Pacific Rim

Monster mash.

Earth is doomed. Okay, what else is new? An ultra-violent, rapacious breed of gigantic reptilian behemoths from the earth’s core is rising out of the Pacific Ocean and ramshackling the entire Pacific region — San Francisco, Tokyo, Alaska, Sydney — in a bid to take over the Earth. They’re called Kaiju, the Japanese term for giant monsters, and like Godzilla, their genesis is a result of environmental tampering. Right, I’m following you, and so? To counter the beasts, scientists built equally Brobdingnagian war robots called Jaegers, manned by human pilots who work synched together inside the bots’ heads — one to handle the right brain, one for the left. The Jaeger-versus-Kaiju war has been going on for years. Oh, and how’s that working out? Not so well. The Kaiju are winning.

That’s the situation in Pacific Rim, Guillermo del Toro’s oddly exhilarating but basically routine sci-fi spectacle. It’s exhilarating because the special effects are colossal, stupendous, staggering, and practically nonstop — the heavyweight slugfests take up at least 90 minutes of the 131-minute running time. The action is exquisitely rendered as well as stupefyingly loud. The “routine” part has to do with the stuff sandwiched in between fights, little things like story and characterization.

Manly English actor Charlie Hunnam (Deadfall) plays Raleigh Becket, a construction worker and former Jaeger pilot called back into the service by Marshal Stacker Pentecost (action stalwart Idris Elba), the supreme military commander. Both Raleigh and his new female co-pilot, Mako Mori (Rinko Kikuchi, the teenager from Babel), have unresolved issues from the past that they must deal with, in addition to some Top Gun-style hotshot pilot rivalry antics. Raleigh doubts himself after the combat death of his brother. Mako was terrorized as a child by a Kaiju who killed her parents. Another Jaeger team, an Australian father-son combination, offers resistance to Raleigh and Mako, but that passes. Now they have to face the mighty Kaiju in an epic battle in Hong Kong, and prove they have the right stuff. Along the way, cinéaste del Toro quotes every movie from Blade Runner to Chinatown.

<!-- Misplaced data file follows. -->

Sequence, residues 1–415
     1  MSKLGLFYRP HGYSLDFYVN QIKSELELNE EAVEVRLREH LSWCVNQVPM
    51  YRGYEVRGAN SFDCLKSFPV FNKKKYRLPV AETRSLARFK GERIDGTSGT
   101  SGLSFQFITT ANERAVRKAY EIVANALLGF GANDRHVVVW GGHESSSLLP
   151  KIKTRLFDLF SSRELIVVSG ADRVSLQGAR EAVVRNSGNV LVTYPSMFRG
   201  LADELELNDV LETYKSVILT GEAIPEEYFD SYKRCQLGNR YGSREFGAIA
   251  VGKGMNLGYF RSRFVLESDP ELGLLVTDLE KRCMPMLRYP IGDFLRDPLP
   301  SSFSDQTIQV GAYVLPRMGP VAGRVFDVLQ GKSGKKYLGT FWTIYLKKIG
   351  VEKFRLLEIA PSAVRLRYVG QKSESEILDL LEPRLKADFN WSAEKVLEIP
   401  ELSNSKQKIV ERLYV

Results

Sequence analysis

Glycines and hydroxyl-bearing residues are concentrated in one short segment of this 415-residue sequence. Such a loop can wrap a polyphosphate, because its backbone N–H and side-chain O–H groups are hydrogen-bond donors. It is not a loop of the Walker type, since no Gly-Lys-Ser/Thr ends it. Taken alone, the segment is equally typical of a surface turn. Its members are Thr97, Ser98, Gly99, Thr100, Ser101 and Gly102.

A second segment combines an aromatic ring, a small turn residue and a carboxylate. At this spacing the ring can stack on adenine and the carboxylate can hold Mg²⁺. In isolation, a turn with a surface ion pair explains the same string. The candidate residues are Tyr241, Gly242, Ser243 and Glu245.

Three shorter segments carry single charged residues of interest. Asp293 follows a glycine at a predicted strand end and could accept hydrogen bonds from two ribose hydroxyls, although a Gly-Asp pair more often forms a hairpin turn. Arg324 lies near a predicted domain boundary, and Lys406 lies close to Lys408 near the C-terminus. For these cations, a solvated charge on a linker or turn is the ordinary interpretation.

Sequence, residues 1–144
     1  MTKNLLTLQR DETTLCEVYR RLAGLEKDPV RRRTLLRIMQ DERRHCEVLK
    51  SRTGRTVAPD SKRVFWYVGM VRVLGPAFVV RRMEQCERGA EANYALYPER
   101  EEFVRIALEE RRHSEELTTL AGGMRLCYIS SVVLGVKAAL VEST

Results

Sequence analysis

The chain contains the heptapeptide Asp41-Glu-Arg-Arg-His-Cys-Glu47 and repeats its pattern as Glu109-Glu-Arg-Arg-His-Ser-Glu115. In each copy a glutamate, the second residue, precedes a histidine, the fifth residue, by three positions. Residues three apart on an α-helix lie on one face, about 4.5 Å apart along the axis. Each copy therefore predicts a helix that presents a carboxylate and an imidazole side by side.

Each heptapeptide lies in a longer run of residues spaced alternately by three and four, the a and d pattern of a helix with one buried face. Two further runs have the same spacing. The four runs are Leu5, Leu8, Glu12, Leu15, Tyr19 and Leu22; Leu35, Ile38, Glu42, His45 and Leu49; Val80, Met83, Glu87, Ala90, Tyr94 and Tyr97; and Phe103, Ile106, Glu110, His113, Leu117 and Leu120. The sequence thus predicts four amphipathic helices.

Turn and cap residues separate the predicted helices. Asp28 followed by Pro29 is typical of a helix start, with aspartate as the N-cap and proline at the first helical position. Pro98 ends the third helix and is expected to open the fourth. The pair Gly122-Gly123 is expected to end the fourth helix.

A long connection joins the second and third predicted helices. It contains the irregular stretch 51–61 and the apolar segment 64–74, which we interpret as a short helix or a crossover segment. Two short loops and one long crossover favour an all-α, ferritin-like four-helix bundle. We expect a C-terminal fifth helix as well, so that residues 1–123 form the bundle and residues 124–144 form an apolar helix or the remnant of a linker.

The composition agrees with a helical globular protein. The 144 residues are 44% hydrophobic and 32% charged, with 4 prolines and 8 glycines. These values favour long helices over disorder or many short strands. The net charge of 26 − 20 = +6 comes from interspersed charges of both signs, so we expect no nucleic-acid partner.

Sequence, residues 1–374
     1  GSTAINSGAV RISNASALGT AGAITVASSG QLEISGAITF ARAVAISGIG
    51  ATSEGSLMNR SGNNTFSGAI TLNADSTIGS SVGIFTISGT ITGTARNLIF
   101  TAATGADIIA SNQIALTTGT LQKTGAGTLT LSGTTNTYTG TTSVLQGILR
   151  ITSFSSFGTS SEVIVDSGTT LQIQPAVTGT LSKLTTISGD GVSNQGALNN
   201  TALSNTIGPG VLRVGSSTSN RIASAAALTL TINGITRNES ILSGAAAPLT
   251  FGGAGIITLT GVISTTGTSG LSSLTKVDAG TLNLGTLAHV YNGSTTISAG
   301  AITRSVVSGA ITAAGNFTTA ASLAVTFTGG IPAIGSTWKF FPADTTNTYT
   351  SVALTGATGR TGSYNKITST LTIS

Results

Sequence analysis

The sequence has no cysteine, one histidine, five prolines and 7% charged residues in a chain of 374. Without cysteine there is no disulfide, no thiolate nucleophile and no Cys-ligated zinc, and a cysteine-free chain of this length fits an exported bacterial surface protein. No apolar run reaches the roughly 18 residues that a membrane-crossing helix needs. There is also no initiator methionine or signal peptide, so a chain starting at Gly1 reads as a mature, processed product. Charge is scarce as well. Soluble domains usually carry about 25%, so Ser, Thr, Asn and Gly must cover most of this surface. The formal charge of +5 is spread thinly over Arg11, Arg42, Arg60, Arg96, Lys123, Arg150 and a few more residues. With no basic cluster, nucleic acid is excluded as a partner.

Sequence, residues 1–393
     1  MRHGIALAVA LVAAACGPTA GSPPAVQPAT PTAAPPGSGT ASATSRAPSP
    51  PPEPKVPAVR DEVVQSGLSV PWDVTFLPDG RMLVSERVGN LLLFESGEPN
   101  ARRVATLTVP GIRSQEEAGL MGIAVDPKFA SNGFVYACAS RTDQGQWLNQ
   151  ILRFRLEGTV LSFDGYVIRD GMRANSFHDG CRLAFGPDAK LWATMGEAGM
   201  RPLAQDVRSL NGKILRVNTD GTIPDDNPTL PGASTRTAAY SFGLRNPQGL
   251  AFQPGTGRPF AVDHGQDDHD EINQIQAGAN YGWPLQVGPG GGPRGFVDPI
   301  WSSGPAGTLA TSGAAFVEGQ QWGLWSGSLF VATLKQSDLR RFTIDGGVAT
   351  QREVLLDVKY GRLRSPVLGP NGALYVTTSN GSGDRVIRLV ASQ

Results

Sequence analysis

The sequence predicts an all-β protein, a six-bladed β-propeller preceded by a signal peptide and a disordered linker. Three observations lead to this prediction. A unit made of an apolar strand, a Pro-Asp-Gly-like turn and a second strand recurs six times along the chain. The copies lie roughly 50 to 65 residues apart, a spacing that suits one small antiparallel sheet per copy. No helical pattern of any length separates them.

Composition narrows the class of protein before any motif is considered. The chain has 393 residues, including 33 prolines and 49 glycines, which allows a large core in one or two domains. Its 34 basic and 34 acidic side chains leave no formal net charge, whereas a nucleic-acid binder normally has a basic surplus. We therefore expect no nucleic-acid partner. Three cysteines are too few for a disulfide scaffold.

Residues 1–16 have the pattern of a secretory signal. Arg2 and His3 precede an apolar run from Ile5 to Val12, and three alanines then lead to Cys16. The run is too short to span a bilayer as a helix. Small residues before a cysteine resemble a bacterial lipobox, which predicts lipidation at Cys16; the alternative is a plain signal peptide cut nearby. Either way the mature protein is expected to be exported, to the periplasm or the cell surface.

Raleigh and Mako’s budding relationship, their intra-service feuds, their inner demons, even the presence of comic relief in the form of two geeky scientists (Charlie Day and Burn Gorman) and a sinister “used-Kaiju-parts dealer” named Hannibal Chau (Ron Perlman) — it’s all filler, written by del Toro and screenwriter Travis Beacham (Clash of the Titans) to kill time before the next round of fisticuffs. If you’re going to Pacific Rim to see anything but a romping, stomping cataclysm royale, you’re in the wrong auditorium.

We can’t help thinking of filmmaker del Toro’s early gothic work in Mexico and Spain. Cronos, The Devil’s Backbone, and Pan’s Labyrinth possess an element of mystery, a lingering sense of the unexplainable, that makes each of them unforgettable. But Pacific Rim is all too easily explained. It’s obvious and dispensable, just another explosion-filled war of the worlds with this month’s most fantastic visuals.

We don’t necessarily want to castigate the director. After all, it’s his big-buck move up the food chain, a chance to play with a huge budget and provide booms and bangs where he once dealt in cries and whispers. But the project is too simple-minded to take very seriously. If del Toro and his associates wanted our respect, they would have taken the money they spent on this children’s toy and used it to feed and educate poor people living in the real Pacific Rim instead. Just to put it in perspective.


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